O objetivo deste trabalho foi avaliar a relação entre severidade da entomosporiose, desfolha e variáveis vegetativas-reprodutivas de três cultivares de pera europeia no Sul do Brasil. As cultivares de pera Packham’s Triumph, Abate Fetel e William foram avaliadas quanto à severidade da entomosporiose, à desfolha e à queda natural de folhas a cada 15 dias, desde o surgimento dos primeiros sintomas no início de janeiro até o fim de abril, durante as safras de 2012/2013 e 2013/2014. As variáveis vegetativas e reprodutivas foram analisadas em julho, durante o período de dormência das plantas. Os dados da severidade da entomosporiose foram integrados ao longo do tempo e convertidos para área abaixo da curva de progresso da doença (AACPD). O coeficiente de determinação (R2) da regressão linear da severidade da entomosporiose versus desfolha foi significativo para todas as cultivares e as safras estudadas. A desfolha em plantas infectadas pela entomosporiose foi significativamente maior do que a queda natural de folhas nas plantas-controle tratadas com fungicidas. Houve correlação negativa entre desfolha, índice de fertilidade dos ramos e altura de plantas, o que indica que, quanto maior a desfolha, menor é o desenvolvimento das variáveis vegetativas e reprodutivas altura de planta e vigor. A severidade da entomosporiose diferiu significativamente entre as cultivares avaliadas quando a AACPD foi considerada como a variável epidemiológica diferenciadora. As cultivares de pera Abate Fetel e Williams são as mais suscetível e resistente à entomosporiose, respectivamente.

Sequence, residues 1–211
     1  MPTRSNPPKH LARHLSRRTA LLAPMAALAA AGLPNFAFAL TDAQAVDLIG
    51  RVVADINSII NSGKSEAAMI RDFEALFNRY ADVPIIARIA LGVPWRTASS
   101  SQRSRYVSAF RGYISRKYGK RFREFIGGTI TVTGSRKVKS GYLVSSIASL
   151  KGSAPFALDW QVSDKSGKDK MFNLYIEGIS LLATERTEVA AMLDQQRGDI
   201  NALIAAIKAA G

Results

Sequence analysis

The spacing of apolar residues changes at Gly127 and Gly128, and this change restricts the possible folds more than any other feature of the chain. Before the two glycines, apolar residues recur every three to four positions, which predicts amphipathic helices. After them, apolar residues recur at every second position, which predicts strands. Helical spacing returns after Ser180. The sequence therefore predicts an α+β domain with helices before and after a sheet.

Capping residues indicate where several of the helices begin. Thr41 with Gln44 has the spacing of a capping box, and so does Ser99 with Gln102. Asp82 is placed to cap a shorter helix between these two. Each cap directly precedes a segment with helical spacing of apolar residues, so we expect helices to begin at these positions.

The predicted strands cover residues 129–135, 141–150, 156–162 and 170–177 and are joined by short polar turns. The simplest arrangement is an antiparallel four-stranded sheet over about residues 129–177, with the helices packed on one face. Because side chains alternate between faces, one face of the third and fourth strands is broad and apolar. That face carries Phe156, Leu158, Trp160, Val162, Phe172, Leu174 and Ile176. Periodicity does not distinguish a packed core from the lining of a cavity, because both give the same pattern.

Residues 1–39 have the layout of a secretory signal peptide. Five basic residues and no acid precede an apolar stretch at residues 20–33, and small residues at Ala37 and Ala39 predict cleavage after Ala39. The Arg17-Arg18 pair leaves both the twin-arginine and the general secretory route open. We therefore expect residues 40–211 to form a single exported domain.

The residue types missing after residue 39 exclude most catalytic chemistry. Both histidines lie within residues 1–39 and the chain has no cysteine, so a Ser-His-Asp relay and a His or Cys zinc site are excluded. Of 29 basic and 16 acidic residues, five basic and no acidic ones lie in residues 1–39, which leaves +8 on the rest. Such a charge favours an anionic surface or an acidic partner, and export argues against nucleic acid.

Termos para indexação: Entomosporium mespili; Pyrus communis; área abaixo da curva de progresso da doença; queda natural das folhas

Introduction

Brazilian pear (Pyrus communis L.) production was approximately 15 thousand tons in 2015/2016 (IBGE, 2017b). Associated with per capita consumption, there is a high potential for pear culture expansion, especially in Southern Brazil where climatic and soil conditions are favorable. In this region, the pear crop is an excellent alternative for temperate climate fruit diversification (IBGE, 2017a). However, its production can be affected by phytosanitary problems, such as Entomosporium, which is one of the most important diseases of pear worldwide (Bell & Van Der Zwet, 2005; Fioravanço, 2007).

Entomosporium is caused by the fungus Diplocarpon mespili (Sorauer) B. Sutton (anamorph: Entomosporium mespili (DC.) Sacc. and is distributed throughout temperate and tropics zones in Central America and Africa, spreading with high intensity to all Europe, Australia, Canada, USA, Paraguay, and Brazil (Gonçalves et al., 2013, 2014). Specifically in Southern Brazil, Entomosporium is a prominent disease that can drastically increase during plant growth, depending on microclimate, cultivar susceptibility, and primary inoculum liberation (Nunes et al., 2016), often causing early defoliation.